Seventy per cent of the quantity of all demersal landings by Scottish vessels was caught in the Northern North Sea (IVa). Of the total quantity of pelagic landings, 51 per cent were caught in the Northern North Sea (IVa) and 41 per cent were caught in the West Coast of Scotland (VIa). More shellfish species were caught in the West Coast than in the Northern North Sea. In terms of quantity, shellfish catches from the West of Scotland accounted for 38 per cent of all shellfish landings, whereas 25 per cent of shellfish landings were caught in the Northern North Sea (IVa). The Central North Sea (ICES division IVb) and the Irish Sea (VIIa) are also areas of considerable activity for shellfish fisheries. Fifteen per cent of shellfish catches are from the Central North Sea (IVb) and 16 per cent are from the Irish Sea (VIIa), where almost all catches from the Irish Sea are of shellfish species. The rest of Area VII (i.e. not the Irish Sea) had four per cent activity from demersal, six per cent activity from pelagic and shellfish vessels, with six per cent of the quantity of all landings being caught in this area.

Further data on fishing activity in the seas around the UK by Scottish vessels, other UK vessels, and foreign vessels that land into the UK will be available on the ICES rectangle webpage on the Scottish Sea Fisheries Statistics website. This data shows the quantity and value of landings by species type by ICES rectangle. Further maps on fishing activity in Scottish waters by Scottish vessels, other UK vessels, and foreign vessels that land into the UK will be available on the National Marine Plan Interactive (NMPi) webpage.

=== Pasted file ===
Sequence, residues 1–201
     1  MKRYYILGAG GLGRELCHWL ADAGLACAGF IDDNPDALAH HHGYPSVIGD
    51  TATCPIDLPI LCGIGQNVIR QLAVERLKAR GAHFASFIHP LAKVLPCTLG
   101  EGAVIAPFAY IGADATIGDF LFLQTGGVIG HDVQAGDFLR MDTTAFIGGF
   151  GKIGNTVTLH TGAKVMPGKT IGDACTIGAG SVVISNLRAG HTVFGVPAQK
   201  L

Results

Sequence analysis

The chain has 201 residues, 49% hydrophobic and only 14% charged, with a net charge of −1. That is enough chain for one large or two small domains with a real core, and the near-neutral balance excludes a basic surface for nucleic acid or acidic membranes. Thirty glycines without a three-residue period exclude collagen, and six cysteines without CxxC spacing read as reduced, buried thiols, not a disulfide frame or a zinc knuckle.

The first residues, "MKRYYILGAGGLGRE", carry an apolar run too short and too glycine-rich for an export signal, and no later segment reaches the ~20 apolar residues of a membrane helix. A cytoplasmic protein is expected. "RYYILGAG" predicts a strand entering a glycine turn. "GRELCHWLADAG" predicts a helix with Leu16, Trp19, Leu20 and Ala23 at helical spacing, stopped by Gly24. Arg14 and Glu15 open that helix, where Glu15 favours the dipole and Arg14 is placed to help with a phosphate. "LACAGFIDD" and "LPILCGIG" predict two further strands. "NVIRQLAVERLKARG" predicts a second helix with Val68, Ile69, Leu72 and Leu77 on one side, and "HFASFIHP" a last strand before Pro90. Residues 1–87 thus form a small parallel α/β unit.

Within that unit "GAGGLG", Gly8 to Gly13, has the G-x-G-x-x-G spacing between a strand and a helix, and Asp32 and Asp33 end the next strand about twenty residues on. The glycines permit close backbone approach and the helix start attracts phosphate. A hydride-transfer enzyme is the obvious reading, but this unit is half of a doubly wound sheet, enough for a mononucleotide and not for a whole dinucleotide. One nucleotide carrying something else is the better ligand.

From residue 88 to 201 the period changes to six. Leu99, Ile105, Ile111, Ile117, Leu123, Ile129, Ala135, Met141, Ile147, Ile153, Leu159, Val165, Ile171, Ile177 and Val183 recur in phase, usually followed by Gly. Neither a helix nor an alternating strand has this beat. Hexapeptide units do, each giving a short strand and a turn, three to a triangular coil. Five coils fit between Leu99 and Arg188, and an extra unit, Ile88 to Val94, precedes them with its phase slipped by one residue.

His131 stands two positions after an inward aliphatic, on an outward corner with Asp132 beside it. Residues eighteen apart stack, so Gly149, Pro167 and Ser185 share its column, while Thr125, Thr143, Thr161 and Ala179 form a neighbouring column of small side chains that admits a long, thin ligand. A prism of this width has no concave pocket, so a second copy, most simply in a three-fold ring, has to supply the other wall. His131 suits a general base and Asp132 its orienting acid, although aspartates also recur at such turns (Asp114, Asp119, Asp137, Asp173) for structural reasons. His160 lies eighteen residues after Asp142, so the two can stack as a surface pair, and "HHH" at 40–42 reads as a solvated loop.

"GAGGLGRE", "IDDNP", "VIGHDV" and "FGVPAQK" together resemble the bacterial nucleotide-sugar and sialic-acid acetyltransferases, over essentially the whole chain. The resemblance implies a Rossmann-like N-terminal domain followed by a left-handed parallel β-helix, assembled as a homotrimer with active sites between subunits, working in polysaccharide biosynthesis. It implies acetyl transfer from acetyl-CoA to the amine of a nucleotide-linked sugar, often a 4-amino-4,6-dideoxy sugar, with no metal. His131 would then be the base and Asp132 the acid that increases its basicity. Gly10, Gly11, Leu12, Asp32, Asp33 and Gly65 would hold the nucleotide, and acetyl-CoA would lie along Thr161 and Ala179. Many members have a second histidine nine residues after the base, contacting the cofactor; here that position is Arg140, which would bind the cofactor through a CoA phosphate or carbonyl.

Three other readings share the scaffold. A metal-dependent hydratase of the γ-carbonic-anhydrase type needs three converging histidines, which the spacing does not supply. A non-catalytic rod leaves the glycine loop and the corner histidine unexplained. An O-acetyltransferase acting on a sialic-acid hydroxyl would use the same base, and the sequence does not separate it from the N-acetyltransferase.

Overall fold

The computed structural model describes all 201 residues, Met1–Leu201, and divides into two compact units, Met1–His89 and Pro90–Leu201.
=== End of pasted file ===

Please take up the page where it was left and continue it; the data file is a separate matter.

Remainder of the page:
Figure 1.2.a Quantity of landings by Scottish vessels by area of capture: 2016 (tonnes)

Figure 1.2.a Quantity of landings by Scottish vessels by area of capture: 2016 (tonnes)

Figure 1.2.b Value of landings by Scottish vessels by area of capture: 2016 (£’thousand)

Figure 1.2.b Value of landings by Scottish vessels by area of capture: 2016 (£’thousand)

1.4 Landings into Scotland

In 2016, there was 349 thousand tonnes of sea fish and shellfish landed into Scotland with a value of £506 million. This represents an 11 per cent increase in quantity and a 27 per cent increase in value in real terms since 2015. Landings of demersal species accounted for 46 per cent, shellfish species 30 per cent and pelagic species 24 per cent of the total value of all landings into Scotland. However, in terms of quantity, 46 per cent of landings into Scotland were pelagic, 38 per cent were demersal and 16 per cent were shellfish species. The differences in how each species type contributed to the total value and total quantity of landings into Scotland highlights the differences between the prices per tonne across the species types. Shellfish receive relatively high prices per tonne, whilst pelagic species receive lower prices per tonne (Table 1.1.s).